Schulhoff composed his Concertino in something of a four-day frenzy in 1925, shortly after returning from Germany to Prague. This return to his hometown kindled an interest in Czech music, both folk and classical: he published a study of the music of Leoš Janáček (also in 1925), and incorporated a furiant into the second movement of his Concertino, along with a folktune from the Carpathian Mountains that sets the tone for the third movement.

Schulhoff’s compositional activities were once again brutally curtailed with the rise of the Third Reich and the Occupation of Czechoslovakia in 1939. While the composer, by then having embraced Stalinist politics and the aesthetics of socialist realism, sought to emigrate to the Soviet Union, he was unable to do so before being arrested in 1941 and deported to a concentration camp in Wülzburg, Bavaria, where he died within a year from tuberculosis.

FRANZ SCHUBERT (1797–1828)
Piano Trio No. 1 in B-flat Major, Op.99 (1827-1828)

Schubert was in the midst of a period of intense and profound creative expression at the time of his death at age 31. For comparison, if Beethoven had died at Schubert’s age, he would have only composed the first of his nine symphonies, or the first set of string quartets, Op. 18. Schubert, in contrast, had a prolific youth; and the pace with which he was producing significant works was only increasing, as he sought greater prominence as a composer of instrumental music, beyond the lieder (songs) for which he was best known. It was in his two final years that Schubert composed his “Great” Symphony No. 9, his three last piano sonatas and the impromptus, the song cycle Winterreise, his Cello Quintet, and the two magisterial piano trios which Schubert designated Opp. 99 and 100.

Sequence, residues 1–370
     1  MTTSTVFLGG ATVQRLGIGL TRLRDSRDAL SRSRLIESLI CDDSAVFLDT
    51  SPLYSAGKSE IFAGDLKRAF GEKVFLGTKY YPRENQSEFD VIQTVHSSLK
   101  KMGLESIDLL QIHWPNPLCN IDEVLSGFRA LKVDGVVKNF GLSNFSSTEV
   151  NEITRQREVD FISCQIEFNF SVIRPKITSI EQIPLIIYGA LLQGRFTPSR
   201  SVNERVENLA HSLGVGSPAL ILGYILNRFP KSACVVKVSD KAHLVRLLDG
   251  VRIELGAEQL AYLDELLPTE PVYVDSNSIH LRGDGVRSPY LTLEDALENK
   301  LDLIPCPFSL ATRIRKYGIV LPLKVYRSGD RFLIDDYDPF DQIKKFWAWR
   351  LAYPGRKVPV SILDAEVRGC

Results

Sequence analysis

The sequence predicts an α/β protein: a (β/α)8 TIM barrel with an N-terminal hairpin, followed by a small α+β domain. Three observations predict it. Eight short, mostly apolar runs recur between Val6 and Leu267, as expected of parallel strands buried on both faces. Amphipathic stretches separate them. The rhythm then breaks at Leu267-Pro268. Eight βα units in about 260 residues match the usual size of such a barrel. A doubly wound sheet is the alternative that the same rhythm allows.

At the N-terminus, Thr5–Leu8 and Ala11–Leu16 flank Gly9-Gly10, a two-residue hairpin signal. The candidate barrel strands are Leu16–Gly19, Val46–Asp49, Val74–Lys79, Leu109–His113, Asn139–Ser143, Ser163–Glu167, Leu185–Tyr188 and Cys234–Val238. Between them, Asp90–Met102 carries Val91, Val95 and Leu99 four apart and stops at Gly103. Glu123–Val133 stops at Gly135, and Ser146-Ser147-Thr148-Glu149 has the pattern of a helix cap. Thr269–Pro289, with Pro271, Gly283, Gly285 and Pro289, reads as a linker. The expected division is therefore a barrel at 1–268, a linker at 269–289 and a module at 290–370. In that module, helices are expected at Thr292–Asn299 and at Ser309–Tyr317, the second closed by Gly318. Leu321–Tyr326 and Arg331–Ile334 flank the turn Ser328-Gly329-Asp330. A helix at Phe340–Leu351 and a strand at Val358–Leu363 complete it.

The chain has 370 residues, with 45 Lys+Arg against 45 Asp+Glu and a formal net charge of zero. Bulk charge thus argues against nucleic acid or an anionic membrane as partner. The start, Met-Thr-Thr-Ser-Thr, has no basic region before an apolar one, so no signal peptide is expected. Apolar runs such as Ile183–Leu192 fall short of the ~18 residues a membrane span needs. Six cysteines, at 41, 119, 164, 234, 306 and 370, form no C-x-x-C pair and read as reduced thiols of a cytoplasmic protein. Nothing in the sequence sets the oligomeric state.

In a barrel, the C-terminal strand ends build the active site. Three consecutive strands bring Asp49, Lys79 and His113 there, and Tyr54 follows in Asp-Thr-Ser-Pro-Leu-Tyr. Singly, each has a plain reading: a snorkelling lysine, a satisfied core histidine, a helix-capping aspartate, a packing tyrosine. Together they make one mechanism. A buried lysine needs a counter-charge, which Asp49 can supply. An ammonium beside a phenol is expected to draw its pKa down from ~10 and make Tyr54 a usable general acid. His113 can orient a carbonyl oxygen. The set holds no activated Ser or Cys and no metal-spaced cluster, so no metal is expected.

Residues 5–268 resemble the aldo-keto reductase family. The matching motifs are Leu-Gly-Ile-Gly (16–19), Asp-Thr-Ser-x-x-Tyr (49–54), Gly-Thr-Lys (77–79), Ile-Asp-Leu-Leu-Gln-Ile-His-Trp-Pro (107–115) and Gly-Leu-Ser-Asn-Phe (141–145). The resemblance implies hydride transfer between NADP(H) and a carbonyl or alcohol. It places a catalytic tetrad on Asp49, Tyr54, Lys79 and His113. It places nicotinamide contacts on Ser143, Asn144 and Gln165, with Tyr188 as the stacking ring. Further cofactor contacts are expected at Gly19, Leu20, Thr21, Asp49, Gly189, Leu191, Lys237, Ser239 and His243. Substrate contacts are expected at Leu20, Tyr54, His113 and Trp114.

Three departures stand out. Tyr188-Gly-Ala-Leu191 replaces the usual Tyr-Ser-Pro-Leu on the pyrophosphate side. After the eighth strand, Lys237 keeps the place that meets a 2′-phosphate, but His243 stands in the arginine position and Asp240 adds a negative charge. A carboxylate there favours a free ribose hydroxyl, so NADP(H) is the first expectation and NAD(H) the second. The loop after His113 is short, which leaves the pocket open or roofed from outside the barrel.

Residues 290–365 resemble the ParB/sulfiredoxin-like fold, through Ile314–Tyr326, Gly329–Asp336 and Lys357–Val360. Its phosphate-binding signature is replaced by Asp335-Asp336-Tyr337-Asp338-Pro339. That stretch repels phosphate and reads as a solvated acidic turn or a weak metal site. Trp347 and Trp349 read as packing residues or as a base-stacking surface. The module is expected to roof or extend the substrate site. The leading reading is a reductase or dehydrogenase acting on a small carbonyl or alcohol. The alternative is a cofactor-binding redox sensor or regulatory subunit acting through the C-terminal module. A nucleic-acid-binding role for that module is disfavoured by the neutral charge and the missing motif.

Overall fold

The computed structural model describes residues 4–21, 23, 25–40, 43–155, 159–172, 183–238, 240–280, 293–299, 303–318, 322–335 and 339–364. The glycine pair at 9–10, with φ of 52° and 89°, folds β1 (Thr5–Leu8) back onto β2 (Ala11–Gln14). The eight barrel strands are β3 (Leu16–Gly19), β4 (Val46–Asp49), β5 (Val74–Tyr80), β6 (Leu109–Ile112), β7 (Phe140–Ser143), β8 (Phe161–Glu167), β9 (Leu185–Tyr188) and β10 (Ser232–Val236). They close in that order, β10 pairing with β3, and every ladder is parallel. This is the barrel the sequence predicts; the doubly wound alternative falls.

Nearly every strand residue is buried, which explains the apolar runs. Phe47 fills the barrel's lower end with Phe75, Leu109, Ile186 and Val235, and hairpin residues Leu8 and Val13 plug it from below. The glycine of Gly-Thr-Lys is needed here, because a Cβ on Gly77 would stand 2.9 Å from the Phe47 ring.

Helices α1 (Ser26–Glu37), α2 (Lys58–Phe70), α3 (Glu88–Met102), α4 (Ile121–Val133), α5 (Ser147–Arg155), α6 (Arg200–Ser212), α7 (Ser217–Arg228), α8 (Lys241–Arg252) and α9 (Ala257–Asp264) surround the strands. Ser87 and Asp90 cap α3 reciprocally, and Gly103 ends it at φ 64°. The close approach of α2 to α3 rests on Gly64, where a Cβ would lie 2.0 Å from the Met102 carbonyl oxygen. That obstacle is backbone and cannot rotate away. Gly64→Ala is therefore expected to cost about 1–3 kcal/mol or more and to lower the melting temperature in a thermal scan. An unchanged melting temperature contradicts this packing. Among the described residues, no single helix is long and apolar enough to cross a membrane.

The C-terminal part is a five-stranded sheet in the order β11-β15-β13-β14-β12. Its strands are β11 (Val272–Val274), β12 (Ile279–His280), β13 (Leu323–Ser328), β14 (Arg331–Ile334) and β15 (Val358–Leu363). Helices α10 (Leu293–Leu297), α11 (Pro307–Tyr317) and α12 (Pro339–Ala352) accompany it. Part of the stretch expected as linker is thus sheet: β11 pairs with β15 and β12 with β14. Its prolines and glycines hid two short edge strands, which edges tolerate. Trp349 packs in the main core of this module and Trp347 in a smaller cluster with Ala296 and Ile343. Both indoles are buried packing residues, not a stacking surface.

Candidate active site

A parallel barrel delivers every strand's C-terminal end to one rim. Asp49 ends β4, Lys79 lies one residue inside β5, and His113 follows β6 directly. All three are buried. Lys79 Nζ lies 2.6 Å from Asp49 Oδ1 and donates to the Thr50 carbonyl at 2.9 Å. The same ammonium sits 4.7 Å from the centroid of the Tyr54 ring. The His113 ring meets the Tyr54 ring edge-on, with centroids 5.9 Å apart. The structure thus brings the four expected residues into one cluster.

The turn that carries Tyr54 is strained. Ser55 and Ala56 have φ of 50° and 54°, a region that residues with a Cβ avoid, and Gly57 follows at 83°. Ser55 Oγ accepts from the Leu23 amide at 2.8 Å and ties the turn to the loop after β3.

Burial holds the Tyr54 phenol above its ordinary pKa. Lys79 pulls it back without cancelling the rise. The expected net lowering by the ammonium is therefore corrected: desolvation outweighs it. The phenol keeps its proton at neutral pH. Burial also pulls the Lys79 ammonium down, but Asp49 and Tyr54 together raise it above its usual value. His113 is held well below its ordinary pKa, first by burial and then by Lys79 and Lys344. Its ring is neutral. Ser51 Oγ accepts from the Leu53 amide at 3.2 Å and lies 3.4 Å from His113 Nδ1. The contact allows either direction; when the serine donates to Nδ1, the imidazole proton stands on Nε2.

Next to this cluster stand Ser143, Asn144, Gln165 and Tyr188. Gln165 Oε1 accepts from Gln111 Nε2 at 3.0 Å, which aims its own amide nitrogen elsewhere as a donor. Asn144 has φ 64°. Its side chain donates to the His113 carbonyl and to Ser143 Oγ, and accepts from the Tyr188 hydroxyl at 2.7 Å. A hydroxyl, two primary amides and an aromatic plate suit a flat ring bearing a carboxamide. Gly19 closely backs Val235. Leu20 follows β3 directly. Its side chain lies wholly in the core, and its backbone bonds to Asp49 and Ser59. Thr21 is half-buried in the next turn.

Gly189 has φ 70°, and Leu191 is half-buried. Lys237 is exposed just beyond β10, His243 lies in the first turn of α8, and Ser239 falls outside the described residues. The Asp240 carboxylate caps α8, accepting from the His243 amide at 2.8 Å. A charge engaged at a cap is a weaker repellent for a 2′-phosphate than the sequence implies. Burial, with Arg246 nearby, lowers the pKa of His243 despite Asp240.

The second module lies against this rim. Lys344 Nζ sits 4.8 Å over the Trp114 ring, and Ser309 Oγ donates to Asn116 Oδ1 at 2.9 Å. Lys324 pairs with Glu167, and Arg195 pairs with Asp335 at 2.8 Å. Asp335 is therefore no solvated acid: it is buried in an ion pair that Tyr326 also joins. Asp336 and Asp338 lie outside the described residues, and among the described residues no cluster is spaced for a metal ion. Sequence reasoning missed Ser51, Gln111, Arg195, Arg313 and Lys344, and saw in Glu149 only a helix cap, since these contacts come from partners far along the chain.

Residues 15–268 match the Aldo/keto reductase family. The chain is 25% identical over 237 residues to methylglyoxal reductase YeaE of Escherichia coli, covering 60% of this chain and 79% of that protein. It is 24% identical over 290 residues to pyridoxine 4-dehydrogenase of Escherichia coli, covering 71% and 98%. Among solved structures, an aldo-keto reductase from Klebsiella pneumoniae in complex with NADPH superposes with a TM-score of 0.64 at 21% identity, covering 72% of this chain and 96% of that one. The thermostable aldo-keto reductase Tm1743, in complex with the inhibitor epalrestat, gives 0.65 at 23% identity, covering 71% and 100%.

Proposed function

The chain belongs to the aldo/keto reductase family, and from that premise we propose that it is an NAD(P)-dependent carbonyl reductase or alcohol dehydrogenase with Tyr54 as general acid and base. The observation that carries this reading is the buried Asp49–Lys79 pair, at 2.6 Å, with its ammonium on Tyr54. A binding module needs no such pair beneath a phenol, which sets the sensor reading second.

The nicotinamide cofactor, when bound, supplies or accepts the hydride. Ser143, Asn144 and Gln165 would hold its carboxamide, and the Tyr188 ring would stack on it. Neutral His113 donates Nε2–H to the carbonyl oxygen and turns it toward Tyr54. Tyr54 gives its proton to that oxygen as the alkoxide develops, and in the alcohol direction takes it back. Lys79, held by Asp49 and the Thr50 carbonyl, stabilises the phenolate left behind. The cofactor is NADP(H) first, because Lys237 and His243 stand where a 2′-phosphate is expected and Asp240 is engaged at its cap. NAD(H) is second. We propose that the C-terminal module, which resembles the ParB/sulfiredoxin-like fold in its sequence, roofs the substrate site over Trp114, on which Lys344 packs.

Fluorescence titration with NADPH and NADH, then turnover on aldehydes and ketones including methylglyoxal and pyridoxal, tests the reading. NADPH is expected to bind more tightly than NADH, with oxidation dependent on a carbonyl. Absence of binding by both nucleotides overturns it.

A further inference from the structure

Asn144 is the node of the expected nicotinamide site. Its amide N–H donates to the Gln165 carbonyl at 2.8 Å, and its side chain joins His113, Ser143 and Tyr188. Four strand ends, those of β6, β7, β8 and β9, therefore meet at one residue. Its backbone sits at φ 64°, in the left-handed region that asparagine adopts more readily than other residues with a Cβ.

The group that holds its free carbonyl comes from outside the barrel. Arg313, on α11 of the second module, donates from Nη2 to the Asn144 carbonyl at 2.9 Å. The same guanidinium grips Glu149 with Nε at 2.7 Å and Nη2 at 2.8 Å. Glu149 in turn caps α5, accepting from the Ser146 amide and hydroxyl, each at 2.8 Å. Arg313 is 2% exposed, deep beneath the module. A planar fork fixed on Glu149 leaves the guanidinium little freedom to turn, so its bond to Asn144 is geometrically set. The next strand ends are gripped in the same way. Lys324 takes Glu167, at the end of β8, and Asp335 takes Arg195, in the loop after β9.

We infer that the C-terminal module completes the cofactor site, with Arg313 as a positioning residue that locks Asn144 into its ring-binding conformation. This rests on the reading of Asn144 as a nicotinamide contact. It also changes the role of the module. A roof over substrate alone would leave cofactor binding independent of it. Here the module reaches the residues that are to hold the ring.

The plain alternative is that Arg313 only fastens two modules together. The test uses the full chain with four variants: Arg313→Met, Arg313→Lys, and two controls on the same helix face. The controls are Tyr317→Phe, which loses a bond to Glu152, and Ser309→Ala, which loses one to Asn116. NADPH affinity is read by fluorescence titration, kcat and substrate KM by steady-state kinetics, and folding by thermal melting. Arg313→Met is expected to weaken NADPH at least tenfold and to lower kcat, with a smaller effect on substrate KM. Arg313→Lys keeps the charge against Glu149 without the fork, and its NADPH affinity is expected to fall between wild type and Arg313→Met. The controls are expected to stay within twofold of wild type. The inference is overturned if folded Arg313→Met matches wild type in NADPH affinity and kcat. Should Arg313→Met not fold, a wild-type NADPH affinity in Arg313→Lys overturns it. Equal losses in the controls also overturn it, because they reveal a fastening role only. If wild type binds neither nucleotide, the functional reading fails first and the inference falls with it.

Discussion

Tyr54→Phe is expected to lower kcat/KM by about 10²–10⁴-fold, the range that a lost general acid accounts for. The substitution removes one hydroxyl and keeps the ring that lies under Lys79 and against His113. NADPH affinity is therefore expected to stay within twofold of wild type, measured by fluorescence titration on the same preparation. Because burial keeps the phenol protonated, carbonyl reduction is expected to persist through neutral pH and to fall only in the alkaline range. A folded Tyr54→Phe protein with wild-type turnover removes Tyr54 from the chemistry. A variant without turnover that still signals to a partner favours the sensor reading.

The specifics surrounding the completion and premiere of the first trio are unclear; the second trio, which Schubert slightly favored, received more recognition than the first during his lifetime. Both trios were likely to have been composed for an ensemble including pianist Carl Maria von Bocklet — a friend of Schubert’s who also premiered much of Beethoven’s chamber music, and who frequently concluded concert programs with elaborate improvisations — as well as violinist Ignaz Schuppanzigh — known as the founder of the first professional string quartet, and partly responsible for accelerating the transition of chamber music from the salon to the concert stage.

Schubert did not live to see the broad public acclaim for his instrumental music that he desperately sought; but it eventually arrived. When the trios were published posthumously in 1836, Robert Schumann, who as music critic for the Neue Zeitschrift für Musik became one of Schubert’s most enthusiastic advocates, wrote of this work: “One glance at Schubert’s trio — and the misery of humanity recedes, and the world shines in splendor once again.”


Jun 28, 2023
7:30 pm - 9:00 pm
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Studzinski Recital Hall
12 Campus Road S
Brunswick, ME 04011